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Article Statistical Distributions and WEC Classes
Author(s) Pauline Laporte Weywada, João Cruz (ICOE 2018)
Tags Extreme loads, Wave energy converter, WEC, WEC classes
Type Papers
File paper-laporte-pauline.pdf

Classification systems have provided useful benefits when considering the design of energy conversion systems. Typically, a classification system aims to ensure that a new design is compatible with multiple sites across a significant number of locations around the globe, thus supporting the rollout of the technology. When designing a specific class of devices, technology developers may standardise their approach, potentially avoiding under- or over-designing the systems. Such practices can in turn help to limit the costs as well as contain the risks of failures during the project lifetime.
In the present work, a probabilistic approach to wave energy converter (WEC) design is considered. Extreme loads with 5, 25 and 50-year recurrence interval (surge and heave excitation forces) are calculated at a number of sites along the Western European (WE) coast for two types of point absorber WECs. In an attempt to define WEC classes, the results were analysed in parallel with the extreme values of the free-surface elevation at the sites.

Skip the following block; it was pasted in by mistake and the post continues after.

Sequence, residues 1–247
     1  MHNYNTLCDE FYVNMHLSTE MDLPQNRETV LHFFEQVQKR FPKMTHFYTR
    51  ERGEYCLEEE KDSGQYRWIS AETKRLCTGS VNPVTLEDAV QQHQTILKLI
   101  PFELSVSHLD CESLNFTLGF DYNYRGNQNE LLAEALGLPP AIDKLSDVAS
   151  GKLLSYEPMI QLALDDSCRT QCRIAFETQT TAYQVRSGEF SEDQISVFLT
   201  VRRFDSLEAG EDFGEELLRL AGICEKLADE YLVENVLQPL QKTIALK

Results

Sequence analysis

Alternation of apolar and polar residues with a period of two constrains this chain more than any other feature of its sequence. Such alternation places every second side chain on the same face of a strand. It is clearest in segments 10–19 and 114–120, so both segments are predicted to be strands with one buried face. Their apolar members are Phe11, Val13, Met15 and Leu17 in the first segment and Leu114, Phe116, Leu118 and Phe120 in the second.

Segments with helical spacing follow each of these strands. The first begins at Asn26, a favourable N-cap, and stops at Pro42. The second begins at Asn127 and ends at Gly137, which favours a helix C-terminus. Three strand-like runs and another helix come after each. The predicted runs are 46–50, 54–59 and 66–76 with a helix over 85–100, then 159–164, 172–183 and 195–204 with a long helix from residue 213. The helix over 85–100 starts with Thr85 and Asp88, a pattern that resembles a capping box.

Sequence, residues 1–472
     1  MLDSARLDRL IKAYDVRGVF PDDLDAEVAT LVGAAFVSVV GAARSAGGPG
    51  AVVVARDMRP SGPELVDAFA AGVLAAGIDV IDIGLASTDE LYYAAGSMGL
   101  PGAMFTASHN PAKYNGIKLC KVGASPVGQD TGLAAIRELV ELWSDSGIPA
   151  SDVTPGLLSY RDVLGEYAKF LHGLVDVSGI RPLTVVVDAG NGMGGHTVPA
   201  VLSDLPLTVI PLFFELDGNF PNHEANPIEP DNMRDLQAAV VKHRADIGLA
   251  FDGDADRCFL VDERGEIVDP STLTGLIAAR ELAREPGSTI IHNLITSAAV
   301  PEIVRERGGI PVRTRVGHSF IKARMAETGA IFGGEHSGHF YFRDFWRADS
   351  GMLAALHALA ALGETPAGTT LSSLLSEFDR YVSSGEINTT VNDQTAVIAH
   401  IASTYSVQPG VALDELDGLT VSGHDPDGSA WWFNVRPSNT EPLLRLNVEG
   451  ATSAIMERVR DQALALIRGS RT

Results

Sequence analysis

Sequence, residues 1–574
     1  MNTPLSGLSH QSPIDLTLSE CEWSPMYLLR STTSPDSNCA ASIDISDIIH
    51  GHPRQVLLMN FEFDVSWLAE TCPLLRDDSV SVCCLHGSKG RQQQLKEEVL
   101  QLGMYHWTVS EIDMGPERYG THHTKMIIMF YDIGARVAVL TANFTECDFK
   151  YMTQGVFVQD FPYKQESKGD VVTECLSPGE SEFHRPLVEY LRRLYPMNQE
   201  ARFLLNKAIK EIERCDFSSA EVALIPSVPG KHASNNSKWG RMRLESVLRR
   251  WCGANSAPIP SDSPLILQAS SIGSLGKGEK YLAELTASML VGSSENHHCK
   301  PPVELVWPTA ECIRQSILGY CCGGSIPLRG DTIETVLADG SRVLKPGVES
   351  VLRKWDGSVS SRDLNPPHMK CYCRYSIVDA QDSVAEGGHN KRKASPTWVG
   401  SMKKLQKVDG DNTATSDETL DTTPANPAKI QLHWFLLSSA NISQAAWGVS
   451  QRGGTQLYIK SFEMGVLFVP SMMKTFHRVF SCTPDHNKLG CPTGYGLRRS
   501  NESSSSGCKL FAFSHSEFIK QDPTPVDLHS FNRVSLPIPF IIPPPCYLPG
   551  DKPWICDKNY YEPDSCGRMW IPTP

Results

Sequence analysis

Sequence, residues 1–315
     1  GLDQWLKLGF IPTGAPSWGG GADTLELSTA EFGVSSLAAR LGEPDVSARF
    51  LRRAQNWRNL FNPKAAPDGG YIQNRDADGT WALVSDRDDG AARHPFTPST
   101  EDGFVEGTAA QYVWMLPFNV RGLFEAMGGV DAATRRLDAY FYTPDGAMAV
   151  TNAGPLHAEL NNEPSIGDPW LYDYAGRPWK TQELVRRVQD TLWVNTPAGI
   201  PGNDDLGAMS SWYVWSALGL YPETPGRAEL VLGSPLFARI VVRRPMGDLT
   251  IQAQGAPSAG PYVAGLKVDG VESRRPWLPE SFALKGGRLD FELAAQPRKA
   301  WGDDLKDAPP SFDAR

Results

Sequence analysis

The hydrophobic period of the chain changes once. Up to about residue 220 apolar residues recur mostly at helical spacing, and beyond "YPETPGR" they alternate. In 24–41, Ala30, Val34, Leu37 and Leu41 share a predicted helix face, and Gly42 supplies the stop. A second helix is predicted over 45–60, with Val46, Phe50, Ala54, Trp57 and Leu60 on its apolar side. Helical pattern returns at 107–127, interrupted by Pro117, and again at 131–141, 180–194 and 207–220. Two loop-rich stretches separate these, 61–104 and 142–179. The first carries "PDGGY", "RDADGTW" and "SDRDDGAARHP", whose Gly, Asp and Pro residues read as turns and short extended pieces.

To define the environmental conditions at the sites, the variation in the shapes of the environmental contours was assessed using multiple probability distributions (e.g. inverse gaussian or generalised extreme functions). Essentially, the variability observed in the results and the potential impact on the design process highlight the critical need for procedures to monitor the quality of the statistical fit. Future work can extend the assessment to the statistical distributions used to characterise resistance (load) and stress.
Using short-term extreme value analysis, the long-term extreme values for the free-surface elevation and the linear surge and heave excitation forces were derived, showing to a considerable spread which can be associated with the large range of environmental conditions across the WE coast, and its effects on the WEC responses. However, when combining the WEC forces and free-surface elevation data, a typical response emerges, and the long-term extreme values converge towards a reference distribution, highlighting a possible WEC class effect.
Although preliminary, the rationale presented in this study aims to contribute to the definition of a WEC classification system that may ultimately assist in the overall WEC design process.

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